The hunting method, in part, is related to the types of weapons that may be used. The agreement may limit shooting to blinds only, may restrict shooting from a vehicle or may allow stalking only during bow season. Some leases may allow certain types of hunts only when a guide or designated individual accompanies the hunter. Dogs may be prohibited or limited to pursuing quail and doves or trailing wounded deer. It is against the law to hunt deer at night. However, it is legal to hunt some other game such as raccoons. The lease should state whether night hunting is permitted. It may be prohibited during deer season.

Description of Lease Tract

The exact area on which the hunting privilege is granted, to the exclusion of all others, should be described. If a legal or metes-and-bounds description is not available, a sketch or plat is the next best thing. The lease should prohibit the hunter from entering other property except to access the hunting premises.

Access to Lease Tract

If the land does not have a public access, the specific route or routes for the hunter's ingress and egress should be designated. When there is more than one public access, the landowner may wish to restrict the hunter's use to only one or two.

Number of Hunters and Guests

The number of hunters who participate in a particular lease needs to be specified. Generally, the landowner will specify the maximum number or enter individual agreements with each hunter or group of hunters. However, the lease needs to state whether guests


of hunters will be allowed and when. If hunting guests are allowed, the quantity of game the guests may take must be determined. For instance, if the game limit on deer is four per hunter per season­i.e., two bucks and two does, can a guest hunter harvest a deer in addition to the four allowed the lease hunter who invited the guest? Also, if guests are permitted, must the host hunter accompany (or be on the premises with) the guests? Children below a certain age may not be permitted to hunt, or the landowner may require that they be physically accompanied by an adult at all times. Landowners assume additional risks and liability for children on the premises. (See pages 5 and 6 for more details.) Are hunters responsibile and liable for the acts of their guests? Finally, the maximum number of both hunters and guests present on the leased premises at one time should be stipulated.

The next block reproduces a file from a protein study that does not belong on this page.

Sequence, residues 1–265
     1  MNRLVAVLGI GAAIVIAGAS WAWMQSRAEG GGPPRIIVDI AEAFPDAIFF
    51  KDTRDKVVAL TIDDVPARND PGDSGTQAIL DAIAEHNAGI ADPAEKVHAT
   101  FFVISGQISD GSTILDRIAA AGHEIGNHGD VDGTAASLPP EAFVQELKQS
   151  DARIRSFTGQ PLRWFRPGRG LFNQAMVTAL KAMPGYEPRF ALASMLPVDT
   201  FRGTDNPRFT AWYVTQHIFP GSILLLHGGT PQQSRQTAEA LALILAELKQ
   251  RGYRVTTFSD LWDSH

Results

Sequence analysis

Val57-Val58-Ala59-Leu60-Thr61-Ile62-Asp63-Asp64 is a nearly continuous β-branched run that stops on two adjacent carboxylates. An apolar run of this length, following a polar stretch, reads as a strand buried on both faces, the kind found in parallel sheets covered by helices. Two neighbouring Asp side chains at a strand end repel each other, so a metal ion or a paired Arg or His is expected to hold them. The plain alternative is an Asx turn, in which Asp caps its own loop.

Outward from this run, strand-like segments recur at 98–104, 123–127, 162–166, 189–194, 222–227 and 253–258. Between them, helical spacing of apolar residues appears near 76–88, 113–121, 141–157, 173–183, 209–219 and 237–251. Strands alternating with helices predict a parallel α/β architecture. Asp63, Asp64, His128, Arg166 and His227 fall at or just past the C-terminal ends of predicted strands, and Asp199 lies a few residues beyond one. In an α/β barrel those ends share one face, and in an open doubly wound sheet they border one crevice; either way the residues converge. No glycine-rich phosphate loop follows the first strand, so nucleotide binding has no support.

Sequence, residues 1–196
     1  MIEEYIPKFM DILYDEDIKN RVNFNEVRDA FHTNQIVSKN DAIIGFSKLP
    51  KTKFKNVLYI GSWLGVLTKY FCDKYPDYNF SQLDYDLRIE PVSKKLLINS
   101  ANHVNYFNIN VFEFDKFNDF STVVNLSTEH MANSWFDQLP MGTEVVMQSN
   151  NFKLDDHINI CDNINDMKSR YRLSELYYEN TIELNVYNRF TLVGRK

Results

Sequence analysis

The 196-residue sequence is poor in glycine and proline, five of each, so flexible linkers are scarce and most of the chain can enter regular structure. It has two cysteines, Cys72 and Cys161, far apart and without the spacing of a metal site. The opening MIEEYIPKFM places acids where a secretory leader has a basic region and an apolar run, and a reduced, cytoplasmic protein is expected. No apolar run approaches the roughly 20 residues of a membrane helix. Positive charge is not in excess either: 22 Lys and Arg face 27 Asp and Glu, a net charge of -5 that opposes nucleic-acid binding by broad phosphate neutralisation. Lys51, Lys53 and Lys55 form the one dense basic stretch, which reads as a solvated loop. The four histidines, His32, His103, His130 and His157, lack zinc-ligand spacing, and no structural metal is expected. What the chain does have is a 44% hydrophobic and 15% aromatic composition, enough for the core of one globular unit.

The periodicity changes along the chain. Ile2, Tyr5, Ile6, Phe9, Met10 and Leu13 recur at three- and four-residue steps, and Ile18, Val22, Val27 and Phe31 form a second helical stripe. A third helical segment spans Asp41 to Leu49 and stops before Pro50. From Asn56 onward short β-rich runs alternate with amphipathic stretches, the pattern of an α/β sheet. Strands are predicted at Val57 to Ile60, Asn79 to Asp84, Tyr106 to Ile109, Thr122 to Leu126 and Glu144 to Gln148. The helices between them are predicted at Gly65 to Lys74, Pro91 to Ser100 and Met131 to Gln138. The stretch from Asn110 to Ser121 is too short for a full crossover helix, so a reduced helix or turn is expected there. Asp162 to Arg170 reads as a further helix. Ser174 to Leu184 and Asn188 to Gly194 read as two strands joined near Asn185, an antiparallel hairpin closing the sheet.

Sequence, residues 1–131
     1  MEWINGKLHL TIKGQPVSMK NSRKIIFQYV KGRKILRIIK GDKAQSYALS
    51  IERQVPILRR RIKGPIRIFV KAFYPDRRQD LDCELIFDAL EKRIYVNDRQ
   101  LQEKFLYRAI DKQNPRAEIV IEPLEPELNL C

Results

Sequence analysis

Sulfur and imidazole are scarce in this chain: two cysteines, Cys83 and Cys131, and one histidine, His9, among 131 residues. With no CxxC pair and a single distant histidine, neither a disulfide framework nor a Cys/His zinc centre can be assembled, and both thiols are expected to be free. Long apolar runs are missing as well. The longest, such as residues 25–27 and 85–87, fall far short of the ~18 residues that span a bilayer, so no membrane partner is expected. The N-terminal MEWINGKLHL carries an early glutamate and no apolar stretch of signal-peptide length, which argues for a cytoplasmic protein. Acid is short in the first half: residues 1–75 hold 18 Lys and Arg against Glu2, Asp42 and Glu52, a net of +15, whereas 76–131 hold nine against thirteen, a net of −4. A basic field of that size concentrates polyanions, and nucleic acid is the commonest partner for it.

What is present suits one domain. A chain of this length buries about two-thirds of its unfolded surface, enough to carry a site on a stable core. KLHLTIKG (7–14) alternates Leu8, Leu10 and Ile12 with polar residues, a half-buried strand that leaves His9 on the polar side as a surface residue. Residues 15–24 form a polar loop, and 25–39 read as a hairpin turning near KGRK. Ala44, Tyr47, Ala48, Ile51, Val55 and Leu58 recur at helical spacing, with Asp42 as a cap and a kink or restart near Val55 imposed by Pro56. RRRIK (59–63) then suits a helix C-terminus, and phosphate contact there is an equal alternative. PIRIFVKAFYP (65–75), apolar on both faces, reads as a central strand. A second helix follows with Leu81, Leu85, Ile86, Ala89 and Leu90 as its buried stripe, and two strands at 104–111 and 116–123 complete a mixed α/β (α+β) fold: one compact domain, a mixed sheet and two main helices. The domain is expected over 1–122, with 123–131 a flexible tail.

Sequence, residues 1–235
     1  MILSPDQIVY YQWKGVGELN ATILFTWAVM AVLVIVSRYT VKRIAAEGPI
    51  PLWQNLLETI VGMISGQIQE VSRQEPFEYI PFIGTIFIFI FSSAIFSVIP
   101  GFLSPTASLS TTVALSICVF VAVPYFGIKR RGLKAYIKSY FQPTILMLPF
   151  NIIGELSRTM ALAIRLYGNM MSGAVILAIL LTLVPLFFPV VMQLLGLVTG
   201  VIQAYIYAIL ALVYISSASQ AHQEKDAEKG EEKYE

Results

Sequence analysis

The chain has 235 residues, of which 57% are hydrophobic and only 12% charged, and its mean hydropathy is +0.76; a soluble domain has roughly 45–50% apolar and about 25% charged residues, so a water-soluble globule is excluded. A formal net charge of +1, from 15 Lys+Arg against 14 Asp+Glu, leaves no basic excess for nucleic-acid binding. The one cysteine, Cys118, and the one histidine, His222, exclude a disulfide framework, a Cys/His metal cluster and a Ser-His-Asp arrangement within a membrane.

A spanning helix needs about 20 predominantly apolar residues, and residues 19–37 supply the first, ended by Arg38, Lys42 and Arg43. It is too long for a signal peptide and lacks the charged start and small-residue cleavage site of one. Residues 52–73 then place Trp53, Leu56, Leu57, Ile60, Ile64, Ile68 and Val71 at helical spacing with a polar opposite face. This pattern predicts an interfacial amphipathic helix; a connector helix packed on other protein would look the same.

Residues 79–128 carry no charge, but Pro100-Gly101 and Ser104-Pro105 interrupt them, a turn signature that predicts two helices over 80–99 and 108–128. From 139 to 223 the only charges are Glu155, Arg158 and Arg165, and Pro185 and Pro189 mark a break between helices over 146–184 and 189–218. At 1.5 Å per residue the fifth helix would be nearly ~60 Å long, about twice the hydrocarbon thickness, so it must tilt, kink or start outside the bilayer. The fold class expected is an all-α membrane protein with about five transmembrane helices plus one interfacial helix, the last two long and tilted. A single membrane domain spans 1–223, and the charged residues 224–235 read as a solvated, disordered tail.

The landowner and hunters may agree that if a certain number of does is not harvested by a given date, guests of either the hunters or landowner may take a specified number before the season ends. The meat may be kept by the guests or donated to the Huntersfor-the-Hungry Program.

will be permitted and where. Fires may be restricted and cleanup required.

Clearing Senderos and Improving Premises

If the lease permits the hunters to maintain and improve the lease by clearing and maintaining senderos (cleared lanes for shooting), improving the roads and crossings, bringing in electricity, digging water wells, erecting a camphouse and so forth, the tasks may be at the hunter's discretion. The expenses, however, may be borne solely by the hunter, solely by the landowner or shared, depending on the agreement. If the hunter is entirely or partially liable for the expenses, the lease agreement should prohibit the attachment of any liens on the property by virtue of the improvements.

Lease Price

The price of the lease per year, per day, per hunter or per animal needs to be set. The price may vary according to the lease terms. For instance, the lease price may rise as the duration of the lease, the number and variety of game animals allowed, the lease tract size, the types of weapons and permitted hunting methods increase. Some deer leases are priced by the sex and quality of the deer. For example, there may be one price for each doe, while the price for bucks varies with antler quality.

Vehicular Travel

On certain parts of the lease, vehicular travel may be restricted. Landowners may prefer that the hunter use only existing roads. The use of off-road or four-wheel drive vehicles, except on existing roads, may be prohibited. Others may allow off-road travel but not across improved pastures, cropland, wet ground or other inappropriate areas. Depending on the terrain, speed limits may be imposed.

Order of Deer Taken

Many Texas hunters want trophy deer only. For those hunters, harvesting a doe is out of the question; however, to ensure that an adequate number of does is harvested, the landowner may require one or more does to be taken before a buck.

Payment Schedule

The lease may be paid either in lump sum when privileges begin or periodically throughout the year. Generally, the landowner will require partial payment before the hunting season to ensure that the hunter will honor the contract on opening day. The agreement should address the consequences of missing an installment payment. Are all prior payments forfeited or may the landowner pursue the hunter in court for the balance? Effective September 1, 1997, landlords have a duty to mitigate rent if the tenants breach the lease by leaving early. The Texas courts may apply this rule to hunting leases.

Harvesting Surplus Does